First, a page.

It is not just here, but other jurisdictions are restarting. They have a restart plan. I will point out some examples brought forward to me by the Business Council of Canada, which said that:
    Other jurisdictions have paved the route for us to follow. In February, the United Kingdom unveiled a four-stage “roadmap out of lockdown”, with clear guidelines to mark the journey back to a more normal life. For example, in “Step 3”, most businesses in all but the highest risk sectors are allowed to reopen while adhering to public health guidelines.
    We need to restart Canada.
    The U.S. Centres for Disease Control and Prevention has issued guidance for those who are fully vaccinated and outlines which activities are now considered safe, including domestic travel without the need for testing or quarantine. Right here within Canada, here at home, Saskatchewan recently unveiled a three-step reopening road map that clearly links the lifting of restrictions to vaccination milestones. For example, once 70% of those 30 and older have received one dose, 150 people will be permitted to gather in public, indoor settings provided they adhere to physical distancing and mask guidelines. We need to restart Canada.
    Further along that reopening plan for Saskatchewan, in phase 1, May 4 to June 1, we see reopening previously restricted medical services; phase 2, reopening retail and select personal service facilities; phase 3, reopening places of worship, increasing indoor, public and private gatherings of 15 people and outdoor gatherings to 30 people; and phase 4, reopening child and youth day camps, outdoor pools and spray parks as well as libraries, museums, galleries and it goes on and on. Canadians are waiting for this. We need to restart Canada.
    However, we need to be smart about this restart. We need not only the government but Canadians to think about the restart. I want every Canadian to think about, when the pandemic is over and when their benefits run out, whether they will they have a job, and if not, why? Did their restaurant close? Did their retail store close? Why? If a person owns a business, is their business safe?
    The next question I want Canadians to ask themselves is: What did they not get to do this winter or spring because of no vaccines as a result of this government with no vision and no restart plan? Did someone around them pass away? Was there a surgery that was denied? Did someone have to quit their job in an effort to home-school? Did they have to quit their beer league? Was it like my son who had to go without his hockey league, which gives him so much exercise and happiness?
    More importantly, I want Canadians to ask themselves what they want their future to look like. Do they want to own a home? It is not going to happen under this government in the direction that we are going. Do they want to have a family? They might not be able to provide food for them because of inflation and the price of groceries and gas, which is at 127.9 cents a litre in my hometown of Calgary. Do they want to have a car? Why does it have to be an electric car? Why can it not be a car run on diesel? By the time this government makes any effort to get the infrastructure up for electric cars, we will have moved on to hydrogen.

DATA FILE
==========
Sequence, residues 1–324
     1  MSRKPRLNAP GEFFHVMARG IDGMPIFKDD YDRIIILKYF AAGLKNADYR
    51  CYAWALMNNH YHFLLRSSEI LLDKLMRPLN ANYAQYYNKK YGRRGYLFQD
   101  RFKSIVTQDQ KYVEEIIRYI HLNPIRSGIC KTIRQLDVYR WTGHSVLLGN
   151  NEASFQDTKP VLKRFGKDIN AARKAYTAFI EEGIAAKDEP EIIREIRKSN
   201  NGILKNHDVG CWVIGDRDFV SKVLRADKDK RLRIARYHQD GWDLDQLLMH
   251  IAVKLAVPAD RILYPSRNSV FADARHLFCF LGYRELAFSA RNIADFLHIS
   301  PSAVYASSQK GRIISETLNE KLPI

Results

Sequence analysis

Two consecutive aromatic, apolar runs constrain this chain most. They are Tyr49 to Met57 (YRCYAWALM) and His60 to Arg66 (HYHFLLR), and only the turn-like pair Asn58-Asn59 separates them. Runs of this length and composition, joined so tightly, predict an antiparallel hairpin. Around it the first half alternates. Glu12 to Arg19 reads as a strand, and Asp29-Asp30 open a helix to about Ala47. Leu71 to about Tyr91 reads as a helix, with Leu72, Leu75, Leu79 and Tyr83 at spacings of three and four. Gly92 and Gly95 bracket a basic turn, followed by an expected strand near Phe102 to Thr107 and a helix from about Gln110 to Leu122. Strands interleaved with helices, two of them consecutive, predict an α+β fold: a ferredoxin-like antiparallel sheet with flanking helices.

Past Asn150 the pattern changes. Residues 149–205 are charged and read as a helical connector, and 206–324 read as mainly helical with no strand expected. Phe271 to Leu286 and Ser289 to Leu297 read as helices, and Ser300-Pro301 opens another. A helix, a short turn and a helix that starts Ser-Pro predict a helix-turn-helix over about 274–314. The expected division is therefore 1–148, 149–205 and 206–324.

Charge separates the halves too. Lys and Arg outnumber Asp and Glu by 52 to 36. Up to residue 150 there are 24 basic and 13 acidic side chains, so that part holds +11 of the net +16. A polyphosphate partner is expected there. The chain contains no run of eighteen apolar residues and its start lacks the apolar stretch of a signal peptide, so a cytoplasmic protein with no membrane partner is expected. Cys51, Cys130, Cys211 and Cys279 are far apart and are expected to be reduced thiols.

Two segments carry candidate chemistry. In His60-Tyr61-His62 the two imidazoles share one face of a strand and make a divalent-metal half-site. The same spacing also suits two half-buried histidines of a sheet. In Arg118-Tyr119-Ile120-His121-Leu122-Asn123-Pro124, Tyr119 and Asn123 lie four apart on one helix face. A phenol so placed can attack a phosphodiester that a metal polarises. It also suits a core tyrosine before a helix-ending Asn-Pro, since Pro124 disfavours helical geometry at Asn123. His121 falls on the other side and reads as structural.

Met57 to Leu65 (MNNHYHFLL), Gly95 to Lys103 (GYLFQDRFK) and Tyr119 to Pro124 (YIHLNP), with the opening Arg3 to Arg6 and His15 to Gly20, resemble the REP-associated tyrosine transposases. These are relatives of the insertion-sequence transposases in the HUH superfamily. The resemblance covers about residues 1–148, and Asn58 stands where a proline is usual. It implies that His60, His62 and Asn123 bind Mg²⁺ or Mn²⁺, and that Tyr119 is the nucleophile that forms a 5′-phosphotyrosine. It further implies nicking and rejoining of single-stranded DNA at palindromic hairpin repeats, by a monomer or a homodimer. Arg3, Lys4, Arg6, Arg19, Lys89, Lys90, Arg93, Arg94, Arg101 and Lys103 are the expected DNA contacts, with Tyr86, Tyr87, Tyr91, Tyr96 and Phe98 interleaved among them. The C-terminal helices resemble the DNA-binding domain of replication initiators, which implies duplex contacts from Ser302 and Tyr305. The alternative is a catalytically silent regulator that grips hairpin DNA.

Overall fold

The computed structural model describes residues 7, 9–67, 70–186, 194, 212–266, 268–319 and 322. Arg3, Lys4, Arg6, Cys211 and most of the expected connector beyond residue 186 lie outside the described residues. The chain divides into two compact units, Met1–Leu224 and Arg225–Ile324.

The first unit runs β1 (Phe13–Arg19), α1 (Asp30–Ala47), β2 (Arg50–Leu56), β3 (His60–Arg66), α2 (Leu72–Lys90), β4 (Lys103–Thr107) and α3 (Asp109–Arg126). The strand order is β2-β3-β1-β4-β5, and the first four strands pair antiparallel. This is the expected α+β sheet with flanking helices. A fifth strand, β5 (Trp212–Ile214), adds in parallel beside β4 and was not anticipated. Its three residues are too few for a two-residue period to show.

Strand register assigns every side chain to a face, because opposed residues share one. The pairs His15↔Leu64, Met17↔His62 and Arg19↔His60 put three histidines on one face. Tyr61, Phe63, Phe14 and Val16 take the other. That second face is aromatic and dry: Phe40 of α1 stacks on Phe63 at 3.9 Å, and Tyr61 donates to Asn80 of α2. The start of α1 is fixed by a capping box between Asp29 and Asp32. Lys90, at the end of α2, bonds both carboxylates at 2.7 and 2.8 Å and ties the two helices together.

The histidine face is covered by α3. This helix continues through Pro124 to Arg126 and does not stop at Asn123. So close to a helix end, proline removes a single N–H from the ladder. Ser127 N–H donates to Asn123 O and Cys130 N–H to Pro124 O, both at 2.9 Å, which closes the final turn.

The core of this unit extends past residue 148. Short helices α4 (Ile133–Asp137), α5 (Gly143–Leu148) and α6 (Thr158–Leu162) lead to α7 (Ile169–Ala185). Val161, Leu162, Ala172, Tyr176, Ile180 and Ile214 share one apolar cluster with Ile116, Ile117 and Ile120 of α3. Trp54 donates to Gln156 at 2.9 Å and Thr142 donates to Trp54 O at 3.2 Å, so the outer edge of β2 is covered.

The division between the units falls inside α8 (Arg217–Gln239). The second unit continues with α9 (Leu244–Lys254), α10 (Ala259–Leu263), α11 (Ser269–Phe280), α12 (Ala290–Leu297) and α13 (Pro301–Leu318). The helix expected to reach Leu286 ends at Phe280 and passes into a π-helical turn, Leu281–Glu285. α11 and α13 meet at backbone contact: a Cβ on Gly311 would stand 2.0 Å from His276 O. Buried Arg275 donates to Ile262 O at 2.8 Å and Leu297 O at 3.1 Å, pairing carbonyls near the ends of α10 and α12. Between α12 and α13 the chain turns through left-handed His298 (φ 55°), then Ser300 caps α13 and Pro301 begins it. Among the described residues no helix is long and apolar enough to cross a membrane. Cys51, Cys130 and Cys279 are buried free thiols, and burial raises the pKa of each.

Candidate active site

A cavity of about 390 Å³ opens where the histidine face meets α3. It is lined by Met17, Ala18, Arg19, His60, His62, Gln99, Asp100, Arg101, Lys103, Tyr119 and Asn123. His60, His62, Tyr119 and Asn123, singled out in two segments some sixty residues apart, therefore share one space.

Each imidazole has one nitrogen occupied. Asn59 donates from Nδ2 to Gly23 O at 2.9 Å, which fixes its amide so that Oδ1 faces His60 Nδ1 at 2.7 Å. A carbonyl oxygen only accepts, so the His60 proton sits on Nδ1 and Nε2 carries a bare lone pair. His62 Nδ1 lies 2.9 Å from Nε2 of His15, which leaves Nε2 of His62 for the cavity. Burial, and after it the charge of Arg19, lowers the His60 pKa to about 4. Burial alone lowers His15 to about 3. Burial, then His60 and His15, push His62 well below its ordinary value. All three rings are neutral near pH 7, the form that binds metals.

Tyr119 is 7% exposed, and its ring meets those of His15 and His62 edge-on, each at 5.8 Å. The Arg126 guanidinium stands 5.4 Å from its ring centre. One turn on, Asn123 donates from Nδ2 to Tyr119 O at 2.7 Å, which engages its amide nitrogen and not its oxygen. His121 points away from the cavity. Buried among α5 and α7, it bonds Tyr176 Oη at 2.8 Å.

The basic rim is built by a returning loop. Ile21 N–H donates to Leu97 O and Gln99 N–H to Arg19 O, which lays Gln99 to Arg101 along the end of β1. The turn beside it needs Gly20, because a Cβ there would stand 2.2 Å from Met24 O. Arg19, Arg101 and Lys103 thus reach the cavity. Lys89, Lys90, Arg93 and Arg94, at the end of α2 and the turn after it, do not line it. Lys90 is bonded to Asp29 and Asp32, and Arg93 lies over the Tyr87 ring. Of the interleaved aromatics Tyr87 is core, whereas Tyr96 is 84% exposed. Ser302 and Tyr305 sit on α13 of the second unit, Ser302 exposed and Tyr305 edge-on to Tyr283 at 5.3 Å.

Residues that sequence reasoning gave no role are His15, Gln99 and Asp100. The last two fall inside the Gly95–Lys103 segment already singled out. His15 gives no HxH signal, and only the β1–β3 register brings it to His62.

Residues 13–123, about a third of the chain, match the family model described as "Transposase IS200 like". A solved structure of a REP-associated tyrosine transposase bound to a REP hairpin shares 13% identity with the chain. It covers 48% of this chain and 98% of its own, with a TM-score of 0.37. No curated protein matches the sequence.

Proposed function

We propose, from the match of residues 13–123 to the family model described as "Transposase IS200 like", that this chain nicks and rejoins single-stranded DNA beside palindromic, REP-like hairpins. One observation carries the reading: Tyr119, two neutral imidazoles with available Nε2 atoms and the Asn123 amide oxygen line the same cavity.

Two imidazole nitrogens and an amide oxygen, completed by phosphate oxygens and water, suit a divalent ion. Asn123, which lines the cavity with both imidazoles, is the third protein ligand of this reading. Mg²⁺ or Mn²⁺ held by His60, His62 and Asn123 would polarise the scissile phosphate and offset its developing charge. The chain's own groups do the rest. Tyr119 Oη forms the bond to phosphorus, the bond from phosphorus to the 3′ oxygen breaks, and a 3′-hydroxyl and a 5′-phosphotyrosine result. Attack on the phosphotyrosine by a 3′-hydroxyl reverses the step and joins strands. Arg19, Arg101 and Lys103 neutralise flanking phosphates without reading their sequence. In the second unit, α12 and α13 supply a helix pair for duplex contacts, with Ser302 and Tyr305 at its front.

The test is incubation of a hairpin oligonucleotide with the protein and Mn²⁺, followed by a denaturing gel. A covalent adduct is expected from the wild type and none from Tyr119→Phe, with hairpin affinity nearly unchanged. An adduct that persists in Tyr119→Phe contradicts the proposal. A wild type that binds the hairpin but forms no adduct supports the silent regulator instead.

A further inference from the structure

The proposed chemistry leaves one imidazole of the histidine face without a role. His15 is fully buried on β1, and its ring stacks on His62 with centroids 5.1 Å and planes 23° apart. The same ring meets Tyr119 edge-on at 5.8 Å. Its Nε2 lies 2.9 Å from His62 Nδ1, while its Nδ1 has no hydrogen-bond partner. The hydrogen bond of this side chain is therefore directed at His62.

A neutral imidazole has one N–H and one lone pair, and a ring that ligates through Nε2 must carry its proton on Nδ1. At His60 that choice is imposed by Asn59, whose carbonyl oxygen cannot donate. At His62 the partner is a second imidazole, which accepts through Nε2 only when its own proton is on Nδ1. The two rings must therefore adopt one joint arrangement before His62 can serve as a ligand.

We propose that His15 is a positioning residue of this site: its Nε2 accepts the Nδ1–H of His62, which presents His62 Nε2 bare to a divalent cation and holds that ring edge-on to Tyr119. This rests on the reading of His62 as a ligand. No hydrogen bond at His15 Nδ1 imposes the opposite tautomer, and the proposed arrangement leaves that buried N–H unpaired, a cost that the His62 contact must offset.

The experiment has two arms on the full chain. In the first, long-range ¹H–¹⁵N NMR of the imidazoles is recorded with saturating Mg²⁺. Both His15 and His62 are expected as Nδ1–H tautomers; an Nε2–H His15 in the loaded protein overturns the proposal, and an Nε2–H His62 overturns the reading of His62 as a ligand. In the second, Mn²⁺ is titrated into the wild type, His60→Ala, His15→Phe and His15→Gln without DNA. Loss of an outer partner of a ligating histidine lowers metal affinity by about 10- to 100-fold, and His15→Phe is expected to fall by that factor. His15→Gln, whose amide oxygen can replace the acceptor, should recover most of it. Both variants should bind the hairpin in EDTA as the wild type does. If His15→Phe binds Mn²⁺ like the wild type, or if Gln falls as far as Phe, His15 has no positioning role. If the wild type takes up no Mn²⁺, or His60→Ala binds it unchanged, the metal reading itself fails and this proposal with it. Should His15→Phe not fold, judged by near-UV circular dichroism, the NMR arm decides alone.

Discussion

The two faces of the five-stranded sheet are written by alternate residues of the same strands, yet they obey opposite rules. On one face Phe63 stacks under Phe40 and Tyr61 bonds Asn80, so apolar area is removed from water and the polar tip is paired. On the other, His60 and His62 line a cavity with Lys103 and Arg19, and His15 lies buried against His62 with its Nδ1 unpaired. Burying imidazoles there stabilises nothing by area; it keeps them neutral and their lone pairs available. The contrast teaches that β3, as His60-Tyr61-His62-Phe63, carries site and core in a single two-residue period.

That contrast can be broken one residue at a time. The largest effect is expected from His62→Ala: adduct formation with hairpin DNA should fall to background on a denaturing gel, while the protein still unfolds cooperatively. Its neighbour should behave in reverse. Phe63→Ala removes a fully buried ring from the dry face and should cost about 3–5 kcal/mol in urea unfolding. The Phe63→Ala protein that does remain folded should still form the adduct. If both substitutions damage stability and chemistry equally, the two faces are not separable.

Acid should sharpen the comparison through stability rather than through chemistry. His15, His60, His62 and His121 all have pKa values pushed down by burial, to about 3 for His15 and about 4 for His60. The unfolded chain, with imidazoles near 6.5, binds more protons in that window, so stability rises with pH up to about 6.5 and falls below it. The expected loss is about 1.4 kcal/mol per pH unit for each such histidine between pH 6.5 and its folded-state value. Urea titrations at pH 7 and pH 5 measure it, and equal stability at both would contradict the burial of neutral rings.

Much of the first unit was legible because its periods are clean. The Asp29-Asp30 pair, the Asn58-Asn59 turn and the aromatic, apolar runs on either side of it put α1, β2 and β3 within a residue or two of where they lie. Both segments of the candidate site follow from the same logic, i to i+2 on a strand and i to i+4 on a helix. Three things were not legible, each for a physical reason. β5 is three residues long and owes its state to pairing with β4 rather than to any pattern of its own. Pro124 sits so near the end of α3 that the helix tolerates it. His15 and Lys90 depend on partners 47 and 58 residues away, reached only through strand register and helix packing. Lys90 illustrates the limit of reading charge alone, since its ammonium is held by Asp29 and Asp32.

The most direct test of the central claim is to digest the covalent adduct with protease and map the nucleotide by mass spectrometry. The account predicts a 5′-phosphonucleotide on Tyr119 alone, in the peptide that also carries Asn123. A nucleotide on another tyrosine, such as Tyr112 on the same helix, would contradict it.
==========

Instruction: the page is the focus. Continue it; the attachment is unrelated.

We need to do this restart plan intelligently. However, Canadians' lives do not have to be how the government designed them. They have an opportunity for change. They have an opportunity for choice. This government had an opportunity and it failed. We need to restart Canada.

  (1205)  

    Madam Speaker, I thank the member for her very passionate speech.
    I find it quite ironic that the member talked about restarting Canada and referenced various provincial plans. Those provinces are the ones that shut down their economic activity and the various elements within their province as they saw necessary, and those are the same provinces that are now reopening it all. Ontario just did the same thing and released a three-stage plan, which shows certain milestones, just as the member indicated in her speech that it should be done.
    These plans have been set up by the provinces. The provinces are reopening their economies and getting things moving as we hit certain milestones. How is it confusing to her that the provinces that shut things down are also now reopening them?
    Madam Speaker, the provinces have consistently had to react and respond to the shortcomings of the federal government since the very beginning of this pandemic. Since we saw the virus coming over the Pacific Ocean, we have been asking the government to respond. Its vaccine procurement and distribution has been the worst part.
    The provincial governments have reacted and responded. The federal government can and should follow their lead in having a national restart plan.
    Madam Speaker, we all share my colleague's desire to see a reopening soon. Of course, here in British Columbia, we are looking forward to news later this afternoon on what our province's plans will be.
    A lot of workers have seen many of their benefits eliminated, either because they have seen their workplace hours reduced or they have lost their jobs altogether. Some of the biggest hits, of course, have been to workplace pharmacare plans. The cost of pharmacare could be a huge burden to the monthly budget of families. What is the member's position on establishing a national pharmacare plan, so that we can really relieve working families of those unexpected costs going forward, on something that is based on the existing Canada Health Act?